My friend Liz recently scored a high profile freelance writing gig with a little bit of help from moi, and she kindly took me to dinner at Aroma Kitchen & Winebar one recent, freeze-your-high-heeled-toes-off Friday night to celebrate. I was excited that she suggested Aroma, as I often peek in when I walk to and from the gym. It’s a cozy spot, the kind where you may have to pass through a mini obstacle course to get into your chair. Once you’re in place, Aroma’s jovial yet soothing surroundings live up to its tagline, “relaxed. intense. italian.”
Over glasses of deep Italian reds (there are 120 bottles on the wine list, with a large selection by the glass), we perused the menu and fitfully mulled our waiter’s careful, loving description of the night’s specials. Pained because we wanted to order everything from soup to cheese plate, we decided to share a small plate special and two appetizers from the menu.
We started with the special, a trio of sliders on Sullivan Street Bakery mini-rolls, which our waiter said was an unusual menu item for Aroma. (RIP aka cafe—your hanger steak slider will be neither duplicated nor forgotten. Its taste has stayed on my palate though it’s been years since my lips last graced the toasted bialy crunch that gave way to a tomato-kissed, pickle and mayo relish and then to the exquisite ground steak below. Oh, how careless I was to take you for granted until you were no more.)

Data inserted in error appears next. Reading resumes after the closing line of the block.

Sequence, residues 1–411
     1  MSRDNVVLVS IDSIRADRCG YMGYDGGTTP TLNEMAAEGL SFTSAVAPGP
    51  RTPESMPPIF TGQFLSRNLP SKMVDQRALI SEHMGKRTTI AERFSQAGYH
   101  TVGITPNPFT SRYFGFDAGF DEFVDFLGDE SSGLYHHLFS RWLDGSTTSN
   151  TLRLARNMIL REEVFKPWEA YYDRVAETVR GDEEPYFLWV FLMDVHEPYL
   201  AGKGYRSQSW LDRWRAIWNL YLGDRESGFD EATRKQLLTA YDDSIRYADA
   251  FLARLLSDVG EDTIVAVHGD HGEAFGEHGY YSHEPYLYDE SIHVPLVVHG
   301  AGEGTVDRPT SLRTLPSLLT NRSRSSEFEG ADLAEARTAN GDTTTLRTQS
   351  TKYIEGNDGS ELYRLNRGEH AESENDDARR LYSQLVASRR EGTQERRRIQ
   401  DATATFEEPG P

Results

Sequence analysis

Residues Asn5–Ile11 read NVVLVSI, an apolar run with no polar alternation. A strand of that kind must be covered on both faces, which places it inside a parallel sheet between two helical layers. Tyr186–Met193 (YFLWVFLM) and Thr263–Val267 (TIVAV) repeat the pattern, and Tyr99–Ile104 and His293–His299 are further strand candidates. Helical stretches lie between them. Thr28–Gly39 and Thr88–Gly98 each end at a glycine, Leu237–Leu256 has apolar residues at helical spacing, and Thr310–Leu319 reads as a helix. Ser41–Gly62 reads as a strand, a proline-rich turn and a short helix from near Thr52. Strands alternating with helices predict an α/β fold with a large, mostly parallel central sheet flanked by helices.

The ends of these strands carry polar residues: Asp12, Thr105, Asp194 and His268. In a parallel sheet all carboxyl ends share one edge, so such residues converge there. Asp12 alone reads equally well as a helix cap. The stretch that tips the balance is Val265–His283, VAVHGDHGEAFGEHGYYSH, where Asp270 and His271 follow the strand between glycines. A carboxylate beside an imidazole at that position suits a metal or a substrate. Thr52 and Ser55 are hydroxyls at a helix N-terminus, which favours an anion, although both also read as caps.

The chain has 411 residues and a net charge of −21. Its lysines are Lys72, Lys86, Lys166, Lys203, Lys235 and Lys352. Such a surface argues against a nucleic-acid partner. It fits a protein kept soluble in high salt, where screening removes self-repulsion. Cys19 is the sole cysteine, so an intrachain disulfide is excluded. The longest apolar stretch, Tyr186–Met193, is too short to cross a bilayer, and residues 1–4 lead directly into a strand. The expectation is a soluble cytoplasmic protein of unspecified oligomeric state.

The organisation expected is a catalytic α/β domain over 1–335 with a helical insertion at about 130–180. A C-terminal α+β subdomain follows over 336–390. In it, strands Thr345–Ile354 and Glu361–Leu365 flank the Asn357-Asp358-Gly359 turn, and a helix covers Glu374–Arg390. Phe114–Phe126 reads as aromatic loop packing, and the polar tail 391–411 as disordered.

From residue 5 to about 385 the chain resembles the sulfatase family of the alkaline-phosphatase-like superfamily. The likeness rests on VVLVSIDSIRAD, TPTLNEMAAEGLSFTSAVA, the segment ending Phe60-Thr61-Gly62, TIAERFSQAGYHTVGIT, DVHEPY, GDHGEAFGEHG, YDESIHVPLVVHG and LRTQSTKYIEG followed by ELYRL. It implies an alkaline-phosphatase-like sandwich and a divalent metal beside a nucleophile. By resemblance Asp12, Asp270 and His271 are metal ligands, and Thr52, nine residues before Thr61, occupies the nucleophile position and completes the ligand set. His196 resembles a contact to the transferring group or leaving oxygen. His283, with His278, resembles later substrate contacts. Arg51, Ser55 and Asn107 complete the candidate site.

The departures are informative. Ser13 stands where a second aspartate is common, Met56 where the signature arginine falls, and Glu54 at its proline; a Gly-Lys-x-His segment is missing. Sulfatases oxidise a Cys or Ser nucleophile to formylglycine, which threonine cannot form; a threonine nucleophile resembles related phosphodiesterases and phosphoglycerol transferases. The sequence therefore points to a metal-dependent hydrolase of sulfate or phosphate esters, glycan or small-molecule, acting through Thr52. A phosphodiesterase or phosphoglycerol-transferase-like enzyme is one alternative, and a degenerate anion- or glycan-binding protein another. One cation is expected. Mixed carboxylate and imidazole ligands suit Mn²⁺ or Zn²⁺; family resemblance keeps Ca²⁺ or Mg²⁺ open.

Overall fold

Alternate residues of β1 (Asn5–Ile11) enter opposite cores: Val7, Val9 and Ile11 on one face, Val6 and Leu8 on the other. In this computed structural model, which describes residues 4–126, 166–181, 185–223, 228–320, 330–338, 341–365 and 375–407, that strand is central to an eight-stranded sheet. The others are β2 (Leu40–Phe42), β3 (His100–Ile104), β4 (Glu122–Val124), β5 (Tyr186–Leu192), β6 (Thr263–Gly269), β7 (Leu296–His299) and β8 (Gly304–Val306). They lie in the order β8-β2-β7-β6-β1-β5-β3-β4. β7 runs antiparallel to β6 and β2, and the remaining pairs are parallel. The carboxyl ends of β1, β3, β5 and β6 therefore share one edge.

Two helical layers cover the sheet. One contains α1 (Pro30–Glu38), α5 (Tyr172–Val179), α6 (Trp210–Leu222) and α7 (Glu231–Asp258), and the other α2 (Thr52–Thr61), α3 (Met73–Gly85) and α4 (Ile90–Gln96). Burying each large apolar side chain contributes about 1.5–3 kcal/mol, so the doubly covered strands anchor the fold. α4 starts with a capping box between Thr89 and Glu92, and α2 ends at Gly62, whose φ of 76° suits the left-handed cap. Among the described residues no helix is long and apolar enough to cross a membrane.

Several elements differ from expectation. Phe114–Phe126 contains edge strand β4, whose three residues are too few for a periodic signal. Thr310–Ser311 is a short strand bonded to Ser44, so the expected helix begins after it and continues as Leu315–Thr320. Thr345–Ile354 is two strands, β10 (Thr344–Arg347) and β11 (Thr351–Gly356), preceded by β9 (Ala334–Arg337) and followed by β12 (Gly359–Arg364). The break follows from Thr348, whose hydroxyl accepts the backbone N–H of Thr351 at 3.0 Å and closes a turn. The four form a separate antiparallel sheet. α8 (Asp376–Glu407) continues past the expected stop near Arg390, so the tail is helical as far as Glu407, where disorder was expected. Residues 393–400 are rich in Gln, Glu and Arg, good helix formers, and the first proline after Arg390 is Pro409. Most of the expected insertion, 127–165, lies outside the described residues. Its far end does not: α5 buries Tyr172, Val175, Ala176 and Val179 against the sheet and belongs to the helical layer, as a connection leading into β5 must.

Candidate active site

The first slider sandwiched oozy, fragrant mozzarella, fresh pesto, and a thin slice of tomato. The second was a slightly salted smoked salmon topped with a balancing, sweet smear of mascarpone cheese. The third was a meatball. The champion of meatballs. A rich blend that tasted like pork and beef, a hint of spice, a suggestion of pepper, a dollop of marinara—homey and also refined. (I preferred this meatball to the critically lauded yet preternaturally white-on-the-inside veal ricotta meatballs of Craftbar.)
The supplely baked calamari was stuffed with a soft, pleasing mixture, both to the palate and on the tongue, of almonds, capers, fennel, parsley and shrimp. I would have liked a hint more of lemon juice in the stuffing to bring the flavors to life, though the preserved lemon on the side was a welcome touch.
We remarked that our next dish looked and even tasted like dessert. The warm beet salad was actually a terrine layered with gorgonzola and sugary fig jam, with a warm beet dressing on the side that was reminiscent of chocolate sauce. The duo of fried gorgonzola balls added a little texture in between bites of the sweet beet tower.
I also thought the beet lasagna with wild boar bolognese, mozzarella, nutmeg and béchamel; and the braised monkfish and Sardinian fregola paella with shrimp, lobster broth and sausage sounded great.
For dessert part two, we traded bites of Sacher torte and crossed our fingers that we’d have a reason to celebrate at Aroma again soon.